Reactions to “Bioshock Infinite”
— the reaction piece is largely spoiler-free —
“Wow” was really all I could manage when I finished Bioshock Infinite, the second sequel (of sorts) to Irrational Games‘ 2007 smash hit Bioshock. It’s games like this that make me think that the video game genre does contain some examples that might be called art. Whereas Bioshock 2 fell a little flat in the chaotic underwater city of Rapture, Infinite soars (hehe…) with a fresh new take on the franchise. You play as a former soldier gone alcoholic / gambling addict who, in an effort to wipe away his debt in 1912, goes to the flying city of Columbia to retrieve a girl trapped in a tower and bring her back to New York. Columbia is founded and run by Comstock, a Prophet who has guided his people to secede from the Union in a bizarre collision of patriotism and religious fervor.
Things are bizarre from the opening few seconds, but it really starts to spiral out of control when you are branded as the “False Shepherd” and universally hunted or despised by just about everyone. Comstock claims you came to Columbia to lead his daughter Elizabeth – the “Lamb of Columbia” and the heir to his throne – astray. Navigating Columbia’s roller-coaster-ish sky-rails, you make your way to Monument Island where the girl is imprisoned and break her out despite a horrific guardian: the Songbird. That’s when the game really begins to open up as the two of you struggle to get out of the city and make it back to the real world while being pursued by everyone. To complicate matters even more, Elizabeth has the power to open up Tears in the universe that are basically small pockets into other dimensions. So yeah. It’s that complicated.
Bioshock Infinite opens up in complexity as Elizabeth’s powers and Columbia itself are explored. Not only do you have to deal with Comstock and his policeman, but there’s a full-on civil war brewing with the Vox Populi, a rebel group headed by an escaped slave named Daisy Fitzroy. I won’t go into all of the details in this spoiler-free section, but I will say that the story is very compelling and more than worth your time. Typical of the Bioshock series, Infinite is a freaky experience that is a bit graphic albeit intriguing and thoroughly enjoyable.
One of the two major changes for the franchise is the characterization of Booker DeWitt; in the previous two games you know only vague details about your protagonist but in Infinite, Booker gets a fantastic voice actor and a robust personality. The other big change is the exclusion of Rapture, the dark and drippy underwater dystopian city that provides the setting for the first two games. Instead, they went in the opposite direction and opted for the city in the sky. Both of these changes infuse the game with much more personality and make the entire experience less dreary. Rapture was oppressive and claustrophobia-inducing. Columbia is impressive and acrophobia-inducing; most of the time you are nauseously worried about plummeting to your death, especially because you are forced to ride the sky-rails.
In Bioshock 2 you had to worry about Little Sisters every now-and-then as would-be companions. They would provide you with some degree of resources but in a scrap, you had to hover over them and pray they wouldn’t die. Elizabeth is provides an entirely different in-game companion. In many other video games, similar characters are a blatant liability (re: Resident Evil 4 so much so that people make videos to complain about it). Still, in others, your AI-controlled companions might fight alongside you but their programming was too crappy to do much good (re: every non-solo video game ever). With Elizabeth in Bioshock Infinite, you are no mere escort and Elizabeth is far from a liability. She can’t even get hurt, because she’s always hiding in cover so well that enemies won’t see her. And with her Tears, she can summon large walls for cover, turrets, or even weapons or boxes of health packs. Mid-combat, she’ll toss you ammo or health when you need it most (in some incredibly detailed animation, by the way). Similarly, in your time exploring the nooks and crannies of Columbia, Elizabeth will randomly toss you some coin in probably the most satisfying routine cutscene ever. Elizabeth is so much an asset after gaining her as a companion and losing her for a limited portion of the game, you can’t help but feel immense separation anxiety: “Where has my free money gone? Where are all my Tears?” In a way it feels like Elizabeth has revolutionized companion AI’s in gaming in the best way.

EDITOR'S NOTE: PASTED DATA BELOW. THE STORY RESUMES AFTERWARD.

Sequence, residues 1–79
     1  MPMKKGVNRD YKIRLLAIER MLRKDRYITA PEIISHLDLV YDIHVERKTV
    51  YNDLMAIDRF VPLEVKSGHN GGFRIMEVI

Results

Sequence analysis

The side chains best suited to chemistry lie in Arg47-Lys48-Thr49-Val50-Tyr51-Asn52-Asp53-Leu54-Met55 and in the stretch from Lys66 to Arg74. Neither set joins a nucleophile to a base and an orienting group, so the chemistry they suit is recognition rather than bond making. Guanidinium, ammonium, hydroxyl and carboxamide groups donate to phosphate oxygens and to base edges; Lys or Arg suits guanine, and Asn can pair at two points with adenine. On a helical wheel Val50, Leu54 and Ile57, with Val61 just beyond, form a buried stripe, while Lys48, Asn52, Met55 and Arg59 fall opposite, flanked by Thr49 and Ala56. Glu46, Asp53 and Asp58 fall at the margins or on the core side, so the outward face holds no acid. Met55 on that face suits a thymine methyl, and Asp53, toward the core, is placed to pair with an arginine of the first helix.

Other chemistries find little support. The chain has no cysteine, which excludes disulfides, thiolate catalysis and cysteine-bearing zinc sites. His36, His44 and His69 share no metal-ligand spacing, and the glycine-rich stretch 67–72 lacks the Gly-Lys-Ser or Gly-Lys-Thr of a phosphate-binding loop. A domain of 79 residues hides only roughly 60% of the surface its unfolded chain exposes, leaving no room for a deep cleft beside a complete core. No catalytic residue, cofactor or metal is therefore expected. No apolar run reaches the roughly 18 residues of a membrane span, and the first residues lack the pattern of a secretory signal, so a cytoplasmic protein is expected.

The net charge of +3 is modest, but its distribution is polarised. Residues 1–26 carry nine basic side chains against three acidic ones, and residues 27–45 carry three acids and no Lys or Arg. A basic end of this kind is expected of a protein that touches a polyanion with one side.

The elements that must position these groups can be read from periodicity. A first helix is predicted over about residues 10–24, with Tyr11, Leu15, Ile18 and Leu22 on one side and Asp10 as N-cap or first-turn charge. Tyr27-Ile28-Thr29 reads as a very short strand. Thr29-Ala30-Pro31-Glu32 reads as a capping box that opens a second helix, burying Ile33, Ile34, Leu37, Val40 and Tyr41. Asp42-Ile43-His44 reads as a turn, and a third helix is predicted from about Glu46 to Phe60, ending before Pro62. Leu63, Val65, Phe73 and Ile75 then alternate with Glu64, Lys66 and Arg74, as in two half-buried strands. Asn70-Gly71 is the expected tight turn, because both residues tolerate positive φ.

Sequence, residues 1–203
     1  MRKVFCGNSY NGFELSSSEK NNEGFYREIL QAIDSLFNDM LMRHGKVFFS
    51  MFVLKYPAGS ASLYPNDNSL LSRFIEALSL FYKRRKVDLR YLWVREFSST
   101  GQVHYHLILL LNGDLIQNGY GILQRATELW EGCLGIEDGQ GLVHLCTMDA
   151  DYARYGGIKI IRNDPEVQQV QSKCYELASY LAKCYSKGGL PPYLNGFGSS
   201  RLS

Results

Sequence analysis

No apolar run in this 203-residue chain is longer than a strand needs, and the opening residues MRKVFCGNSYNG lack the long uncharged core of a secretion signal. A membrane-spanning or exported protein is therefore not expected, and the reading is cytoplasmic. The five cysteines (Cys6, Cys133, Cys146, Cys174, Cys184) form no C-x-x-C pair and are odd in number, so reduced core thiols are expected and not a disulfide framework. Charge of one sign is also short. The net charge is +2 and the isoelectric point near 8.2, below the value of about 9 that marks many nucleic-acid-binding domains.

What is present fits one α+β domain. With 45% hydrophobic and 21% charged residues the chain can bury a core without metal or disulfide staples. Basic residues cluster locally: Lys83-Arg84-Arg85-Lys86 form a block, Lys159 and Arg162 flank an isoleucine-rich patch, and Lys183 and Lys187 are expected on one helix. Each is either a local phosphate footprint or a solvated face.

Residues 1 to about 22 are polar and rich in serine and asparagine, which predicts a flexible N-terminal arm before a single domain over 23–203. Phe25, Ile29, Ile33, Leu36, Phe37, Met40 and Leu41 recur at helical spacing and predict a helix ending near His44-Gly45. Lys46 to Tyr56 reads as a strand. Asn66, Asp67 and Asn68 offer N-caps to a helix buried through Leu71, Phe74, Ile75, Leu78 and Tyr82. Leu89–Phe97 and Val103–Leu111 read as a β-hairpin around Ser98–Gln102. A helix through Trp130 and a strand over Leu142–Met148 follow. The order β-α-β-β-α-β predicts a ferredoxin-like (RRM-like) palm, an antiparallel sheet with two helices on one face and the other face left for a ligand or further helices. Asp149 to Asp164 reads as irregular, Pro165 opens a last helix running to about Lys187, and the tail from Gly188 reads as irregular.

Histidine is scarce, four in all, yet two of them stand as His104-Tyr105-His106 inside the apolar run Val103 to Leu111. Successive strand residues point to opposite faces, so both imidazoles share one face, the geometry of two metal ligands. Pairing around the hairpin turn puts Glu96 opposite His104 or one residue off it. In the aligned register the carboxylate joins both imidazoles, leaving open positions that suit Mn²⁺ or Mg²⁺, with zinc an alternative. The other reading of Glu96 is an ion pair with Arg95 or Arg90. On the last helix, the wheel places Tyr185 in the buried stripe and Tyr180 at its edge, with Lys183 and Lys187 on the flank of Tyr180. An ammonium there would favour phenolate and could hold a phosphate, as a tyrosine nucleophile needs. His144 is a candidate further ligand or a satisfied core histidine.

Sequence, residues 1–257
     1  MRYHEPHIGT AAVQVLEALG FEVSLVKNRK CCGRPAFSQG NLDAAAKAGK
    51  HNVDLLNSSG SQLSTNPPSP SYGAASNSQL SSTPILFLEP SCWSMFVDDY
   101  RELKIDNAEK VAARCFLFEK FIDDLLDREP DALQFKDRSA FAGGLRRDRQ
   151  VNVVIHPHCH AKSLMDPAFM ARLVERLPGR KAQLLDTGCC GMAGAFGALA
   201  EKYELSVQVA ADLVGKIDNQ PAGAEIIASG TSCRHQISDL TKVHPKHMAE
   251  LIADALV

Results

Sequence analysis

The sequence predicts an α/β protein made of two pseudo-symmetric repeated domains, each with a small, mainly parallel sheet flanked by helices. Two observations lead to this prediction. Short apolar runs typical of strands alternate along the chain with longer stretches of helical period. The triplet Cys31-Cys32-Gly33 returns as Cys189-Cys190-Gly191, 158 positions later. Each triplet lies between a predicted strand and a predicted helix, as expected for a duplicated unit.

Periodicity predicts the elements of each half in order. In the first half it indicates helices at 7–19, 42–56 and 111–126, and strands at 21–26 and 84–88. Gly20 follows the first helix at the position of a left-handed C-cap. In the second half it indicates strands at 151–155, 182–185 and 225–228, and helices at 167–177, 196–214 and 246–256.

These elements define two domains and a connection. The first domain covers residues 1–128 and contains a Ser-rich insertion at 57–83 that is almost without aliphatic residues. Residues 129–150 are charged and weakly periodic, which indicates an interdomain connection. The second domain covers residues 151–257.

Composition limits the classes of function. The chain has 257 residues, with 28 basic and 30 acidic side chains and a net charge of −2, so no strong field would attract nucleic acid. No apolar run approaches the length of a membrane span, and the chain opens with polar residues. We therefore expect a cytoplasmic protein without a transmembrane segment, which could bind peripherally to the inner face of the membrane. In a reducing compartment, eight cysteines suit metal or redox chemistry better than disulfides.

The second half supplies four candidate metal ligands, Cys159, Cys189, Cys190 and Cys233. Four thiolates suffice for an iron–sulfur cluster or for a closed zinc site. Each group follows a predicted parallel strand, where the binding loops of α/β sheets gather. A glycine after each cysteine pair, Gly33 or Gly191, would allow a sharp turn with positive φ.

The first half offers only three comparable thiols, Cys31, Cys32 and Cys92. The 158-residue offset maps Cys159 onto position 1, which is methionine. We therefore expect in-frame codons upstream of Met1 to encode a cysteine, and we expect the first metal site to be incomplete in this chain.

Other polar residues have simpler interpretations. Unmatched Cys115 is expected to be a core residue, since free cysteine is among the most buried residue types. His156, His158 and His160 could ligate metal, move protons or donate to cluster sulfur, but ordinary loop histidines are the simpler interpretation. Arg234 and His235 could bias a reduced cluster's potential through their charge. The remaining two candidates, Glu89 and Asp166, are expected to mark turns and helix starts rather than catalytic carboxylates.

As enjoyable as the sights and the moment-to-moment gameplay of Bioshock Infinite is, I found that by far the most enjoyable part of the game was the story. I’ll go over the finer details in a separate post, but what I will say is that the way the game deals with time and trans-dimensional travel is one of the most intriguing representations I’ve ever seen in a work of fiction, regardless of medium. It’s visually compelling and has a great story, memorable characters, and a combat system that is engaging pretty robust for what you could technically call a first-person shooter. While all of these qualities are typical of a Bioshock game, Infinite takes things to a whole new level of awesomeness.
That being said, if you are a fan of great video games and/or science fiction and can tolerate a game that is perhaps a bit too violent for its own good, then get yourself a copy of Bioshock Infinite immediately.